BUDAPEST - NEIGHBORHOODS

Buda Castle (Várnegyed) - District I

The city's most beautiful and historic neighborhood, perched some 300 feet above the river, it is effectively one gigantic fortification overlooking the Danube and the greater city beyond. Built in 1265, Buda Castle is a UNESCO World Heritage site, which offers a remarkable view of this extraordinary city. The Castle District offers charming, cobbled streets and grand medieval monuments like the Royal Palace, Matthias Church, the Fishermen's Bastion, the National Gallery, Mary Magdalene Tower and the Hilton Hotel. There are also many shops and restaurants lining the streets. The northern part of Gellért Hill is also part of District I. Other attractions are the thermal baths like Rudas Turkish Bath.

Watertown (Víziváros) - District II

A long, narrow neighborhood wedged between the Castle District and the Danube, Víziváros is historically a quarter where fishermen and artisans resided. Built on the steep slope of Castle Hill, it has narrow alleys and stairs instead of roads in many places. Its main street, Fo utca, runs the north-south length of the Víziváros, parallel to and a block away from the river. Rózsadomb (Rose Hill) is the most notable part in this district. The rich live here in their exclusive villas. Spectacular views and clean air attracted Budapest's most influential to this area. The oldest part of the district is northern Víziváros. The northernmost Islamic holy place in Europe, the Tomb of Gül Baba, is near the Buda foot of Margaret Bridge, in Gül Baba Street. The district also boasts two Turkish Baths, the Veli Bej and the Király Baths, as well as the Lukács Thermal Bath.

Inner City (Belváros) - District V

The historic center of Pest, the Belváros, is the area inside the Inner Ring, bound by the Danube to the west. The new Main Street (Új Fõ Utca) is a new, partly pedestrian street between Kálvin tér and Szabadság with benches to sit down, terraced cafes and restaurants to stop for cafe or lunch and with much less traffic. Szabadság tér square is a lively place with lots of cafés and restaurants. The Soviet War Memorial dominates the northern end. A unique interactive fountain is the highlight at the southern end of Szabadság tér, a nice offset to the rigid stone monument. Budapest's biggest church, St. Stephen's Basilica (Szt. István Bazilika), also stands in this district. The famous pedestrian shopping area, Váci Street cuts through the district, with the Great Market Hall at its one end, and Vörösmarty tér on the other end. Duna Korzó (Danube Promenade) features the beautiful vista of the Danube and the Castle Hill. Pull up a bench beside the Danube and enjoy the folk music, children playing along the boardwalk, and breathtaking views of Castle Hill.

Theresa Town (Terézváros) - District VI

Terézváros is defined by Andrássy út, the great boulevard running the length of the neighborhood from Heroes' Square through Oktogon and down into the Inner City. This grand street is once again the 'best address' in town, especially since the upper part is now a UNESCO World Heritage site. Lined with cafes, wine bars and theaters, this street is constantly on the move. Some attractions nearby include the Operetta Theatre, Europe's oldest metro line, the House of Terror, the Ballet Institute, Ferenc Liszt Academy of Music, and many more. You'll also find many exclusive shops, restaurants, and wonderful residences in the area. Terézváros is a place where you can go for a leisurely walk along the sycamore lined avenue, view the magnificent architectural masterpieces, sit in a café on Liszt Ferenc tér and contemplate the busy street life around you.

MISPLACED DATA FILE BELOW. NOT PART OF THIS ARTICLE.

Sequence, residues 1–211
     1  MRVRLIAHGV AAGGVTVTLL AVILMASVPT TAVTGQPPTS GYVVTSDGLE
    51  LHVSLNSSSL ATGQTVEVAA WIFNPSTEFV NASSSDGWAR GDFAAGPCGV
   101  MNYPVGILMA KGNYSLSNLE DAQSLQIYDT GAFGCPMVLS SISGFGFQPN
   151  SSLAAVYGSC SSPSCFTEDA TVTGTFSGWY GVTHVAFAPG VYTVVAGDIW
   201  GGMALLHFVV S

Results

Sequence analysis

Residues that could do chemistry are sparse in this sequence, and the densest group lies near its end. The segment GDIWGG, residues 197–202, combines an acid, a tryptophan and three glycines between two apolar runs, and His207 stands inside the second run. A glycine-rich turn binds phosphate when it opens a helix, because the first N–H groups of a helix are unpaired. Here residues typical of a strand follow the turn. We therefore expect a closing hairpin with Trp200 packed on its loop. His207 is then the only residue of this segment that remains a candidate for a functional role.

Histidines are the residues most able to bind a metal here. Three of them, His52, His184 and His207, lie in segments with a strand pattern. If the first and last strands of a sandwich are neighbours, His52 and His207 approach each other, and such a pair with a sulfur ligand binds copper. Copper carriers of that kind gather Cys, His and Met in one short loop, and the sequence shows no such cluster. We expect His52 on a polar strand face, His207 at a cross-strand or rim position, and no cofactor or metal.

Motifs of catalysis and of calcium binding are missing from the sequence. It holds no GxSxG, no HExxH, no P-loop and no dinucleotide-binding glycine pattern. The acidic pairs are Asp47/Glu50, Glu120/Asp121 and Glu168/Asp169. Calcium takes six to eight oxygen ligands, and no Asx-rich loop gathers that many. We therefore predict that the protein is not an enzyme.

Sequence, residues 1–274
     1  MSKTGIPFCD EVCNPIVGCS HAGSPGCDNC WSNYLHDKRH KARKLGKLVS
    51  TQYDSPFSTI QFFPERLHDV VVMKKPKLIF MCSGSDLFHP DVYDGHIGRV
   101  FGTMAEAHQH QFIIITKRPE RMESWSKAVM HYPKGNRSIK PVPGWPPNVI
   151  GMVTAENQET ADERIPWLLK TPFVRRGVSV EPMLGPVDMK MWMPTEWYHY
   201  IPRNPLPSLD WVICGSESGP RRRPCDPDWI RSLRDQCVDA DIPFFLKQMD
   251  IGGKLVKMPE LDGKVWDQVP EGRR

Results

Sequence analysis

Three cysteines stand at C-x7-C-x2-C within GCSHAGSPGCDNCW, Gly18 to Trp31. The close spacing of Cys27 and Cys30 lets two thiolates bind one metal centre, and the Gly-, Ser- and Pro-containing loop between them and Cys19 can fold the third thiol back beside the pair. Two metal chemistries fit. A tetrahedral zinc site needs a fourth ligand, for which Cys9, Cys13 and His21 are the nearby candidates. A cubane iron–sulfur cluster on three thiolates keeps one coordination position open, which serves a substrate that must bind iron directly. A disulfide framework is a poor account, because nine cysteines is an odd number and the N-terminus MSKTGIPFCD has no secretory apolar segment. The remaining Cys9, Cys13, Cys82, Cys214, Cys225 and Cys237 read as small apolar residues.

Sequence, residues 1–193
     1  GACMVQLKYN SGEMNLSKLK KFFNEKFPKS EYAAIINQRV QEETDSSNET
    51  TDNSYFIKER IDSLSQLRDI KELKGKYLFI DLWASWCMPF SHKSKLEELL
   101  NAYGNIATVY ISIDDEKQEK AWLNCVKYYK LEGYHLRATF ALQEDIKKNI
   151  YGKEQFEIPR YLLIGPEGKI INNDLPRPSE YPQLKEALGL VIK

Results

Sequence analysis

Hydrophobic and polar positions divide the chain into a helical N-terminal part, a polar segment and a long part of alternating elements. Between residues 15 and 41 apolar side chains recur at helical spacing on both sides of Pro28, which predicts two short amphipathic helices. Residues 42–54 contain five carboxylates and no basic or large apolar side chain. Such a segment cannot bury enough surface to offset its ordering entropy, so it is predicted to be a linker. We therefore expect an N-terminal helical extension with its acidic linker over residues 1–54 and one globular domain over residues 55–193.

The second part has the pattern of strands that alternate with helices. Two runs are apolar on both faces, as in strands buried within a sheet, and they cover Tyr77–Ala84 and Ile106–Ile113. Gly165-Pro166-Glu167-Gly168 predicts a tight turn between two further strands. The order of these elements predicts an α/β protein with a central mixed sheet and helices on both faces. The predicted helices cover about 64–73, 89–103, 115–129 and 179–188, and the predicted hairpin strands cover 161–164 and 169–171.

Erzsébetváros (Elizabeth Town) - District VII

Directly to the southeast of Terézváros, Erzsébetváros has been the center of the Jewish community in Budapest for over a century. During the German occupation from 1944 to 1945, this district was where the ghettos were established for the Jewish people. It was almost completely destroyed during WWII, and has been almost completely rebuilt since the 1980's. Visitors can now experience some of Budapest's most beautiful architecture including the Dohány Street Synagogue, the largest Synagogue in Europe and the second largest in the world, the recently renovated Kazinczy utca, a trendy cultural, and nightlife hub. It is home to the city's orthodox synagogue, referred to as Kazinczy Street Synagogue, the Kazimir Tourist Information Point, and a range of street food bars, ruin and garden pubs and kosher shops. There's even a kosher pizzeria opposite the synagogue.

Józsefváros (Joseph Town) - District VIII

Józsefváros, to the southeast of Erzsébetváros, has been a residential area of Budapest since the 1700's. It has retained much of its original architecture and charm. As one of the most densely populated and poorest districts of Budapest, Józsefváros has a distinctive, old-fashioned atmosphere. To experience true Józsfeváros and find some hidden treasures, walk in the streets beyond Grand Boulevard and on Rákóczi út. Crumbling inner courtyards, shabby houses with eclectic facades and old shops dominate this part of Budapest. Here, friendly residents blend in with students at nearby universities, making an interesting melting pot of cultures. It has one of the largest gardens in Budapest, Orczy kert and the National Museum is also here. The Hungarian Natural History Museum on Ludovika tér houses exciting scientific exhibitions. Behind Kálvin tér you'll find many great buildings, for example the beautiful Wenckheim Palace that houses the Szabó Ervin Library. The neighborhood is also famous for its underground nightlife scene, as well as a thriving arts community. The Keleti Train Station is here as well.